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Seminar 2: Rhetoric and the New Materialisms

Seminar Leaders: Diane Davis, University of Texas at Austin; Thomas Rickert, Purdue University

Seminar Leaders:

Diane Davis, University of Texas at Austin
Thomas Rickert, Purdue University

Kenneth Burke maintains that rhetoric’s basic function is “the use of words by human agents to form attitudes or to induce actions in other human agents (RM)." Traditionally, and for the most part still today, rhetorical study concerns the concrete material effects (i.e., social, political, economic) of symbolic action, the power of language and discourse not merely to reflect or represent “material reality” but to frame, alter, and even constitute one’s perception of it. What is “new” in the “new materialisms” is a non-naïve (post-deconstructive) attunement to the force of matter, not as symbolic action’s passive construct but as an actant in its own right. Post-Newtonian materialisms attend to complex interrelations between matter (bodies, things, environs)—previously thought as discrete chunks of nature—and an array of "non-natural" (cultural, technological, discursive) factors. That is, the new materialisms push past a metaphysically engrained standoff between nature and culture: attending and attuning to rhetorical enactments irreducible to human symbol systems, they demonstrate the dependency of symbolic meaning on distributed and intra-active relations among human and extrahuman "agents." New materialisms nudge scholarly conversation toward the ways in which matter matters, not instead of symbolic meaning but as a dynamic condition for it.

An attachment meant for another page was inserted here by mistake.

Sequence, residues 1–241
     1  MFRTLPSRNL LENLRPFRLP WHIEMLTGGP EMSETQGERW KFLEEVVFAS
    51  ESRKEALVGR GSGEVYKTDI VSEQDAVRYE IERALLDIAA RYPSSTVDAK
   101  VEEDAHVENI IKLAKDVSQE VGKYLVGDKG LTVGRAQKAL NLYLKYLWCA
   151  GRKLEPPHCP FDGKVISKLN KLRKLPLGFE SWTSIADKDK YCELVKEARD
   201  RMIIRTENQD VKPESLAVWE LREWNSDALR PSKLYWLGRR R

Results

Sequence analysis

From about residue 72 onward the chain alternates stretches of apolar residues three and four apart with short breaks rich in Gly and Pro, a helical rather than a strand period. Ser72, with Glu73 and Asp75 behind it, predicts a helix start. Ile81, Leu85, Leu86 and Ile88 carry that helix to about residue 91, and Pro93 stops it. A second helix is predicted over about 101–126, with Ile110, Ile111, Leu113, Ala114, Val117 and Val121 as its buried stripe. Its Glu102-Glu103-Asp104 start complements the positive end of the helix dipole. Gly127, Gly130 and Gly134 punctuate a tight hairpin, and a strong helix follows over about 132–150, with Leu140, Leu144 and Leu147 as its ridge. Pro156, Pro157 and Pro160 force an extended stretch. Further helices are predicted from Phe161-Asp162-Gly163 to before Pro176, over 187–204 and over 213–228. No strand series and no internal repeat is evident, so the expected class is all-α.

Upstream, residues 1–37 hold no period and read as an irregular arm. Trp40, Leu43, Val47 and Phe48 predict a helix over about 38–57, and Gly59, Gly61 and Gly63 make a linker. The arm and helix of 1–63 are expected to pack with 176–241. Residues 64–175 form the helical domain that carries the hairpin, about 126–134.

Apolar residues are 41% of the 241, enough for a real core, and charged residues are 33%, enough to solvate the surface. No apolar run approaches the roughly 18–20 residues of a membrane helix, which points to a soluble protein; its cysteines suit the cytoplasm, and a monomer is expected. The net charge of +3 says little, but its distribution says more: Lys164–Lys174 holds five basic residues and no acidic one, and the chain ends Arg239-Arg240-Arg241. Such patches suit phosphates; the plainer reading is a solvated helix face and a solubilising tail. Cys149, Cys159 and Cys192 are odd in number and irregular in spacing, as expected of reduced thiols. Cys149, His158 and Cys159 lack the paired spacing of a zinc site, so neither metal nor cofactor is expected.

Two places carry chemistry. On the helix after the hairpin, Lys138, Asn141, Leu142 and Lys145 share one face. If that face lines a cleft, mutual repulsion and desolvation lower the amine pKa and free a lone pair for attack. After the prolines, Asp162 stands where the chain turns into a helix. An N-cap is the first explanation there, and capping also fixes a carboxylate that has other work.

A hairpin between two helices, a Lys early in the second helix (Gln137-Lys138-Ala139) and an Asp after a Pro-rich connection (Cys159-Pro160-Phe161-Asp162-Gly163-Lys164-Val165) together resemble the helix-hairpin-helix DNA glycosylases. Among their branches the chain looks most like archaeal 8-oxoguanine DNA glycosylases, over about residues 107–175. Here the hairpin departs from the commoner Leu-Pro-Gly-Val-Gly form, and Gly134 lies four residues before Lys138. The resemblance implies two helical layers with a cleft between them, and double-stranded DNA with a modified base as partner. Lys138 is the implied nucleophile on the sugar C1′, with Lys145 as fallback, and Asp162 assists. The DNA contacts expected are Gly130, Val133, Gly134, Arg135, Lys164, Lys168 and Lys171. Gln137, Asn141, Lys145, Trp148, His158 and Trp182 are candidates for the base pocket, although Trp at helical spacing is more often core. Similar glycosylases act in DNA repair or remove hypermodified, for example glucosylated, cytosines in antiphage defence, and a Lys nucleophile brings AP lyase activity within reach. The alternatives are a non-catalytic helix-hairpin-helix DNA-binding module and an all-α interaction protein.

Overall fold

In this seminar, we’ll address the growing impact that work in the new materialisms is having on rhetorical theory’s self-understanding. We’ll contemplate the persuasive force of matter, what Barad (after Derrida) describes as an originary synthesis of matter and meaning, and ask: How might acknowledging this synthesis shift our understanding of language, of world, and the relation between the two? Or between mind and body? Nature and culture? If cognition itself must be reconceived as ecologically looped through material and nonhuman scaffolding, how might this new understanding of understanding impact rhetorical theory, practice, and pedagogy?

Members of the seminar will address selected precursors to new materialist thought before reading representative contemporary thinkers such as Barad, Bennett, Latour, Grosz, Kohn, and others, as well as a few texts by rhetorical scholars engaged in new materialist rhetorics. We will crowd-source a bibliography of new materialist and related work in the field and will hold breakout sessions in which participants workshop their new materialist projects for collaborative feedback. We’ll close by contemplating some of the definitional, methodological, political, and ethical issues new materialisms raise for rhetorical study and sketching possible future directions for new materialist rhetorics.

Questions should be directed to Diane Davis,

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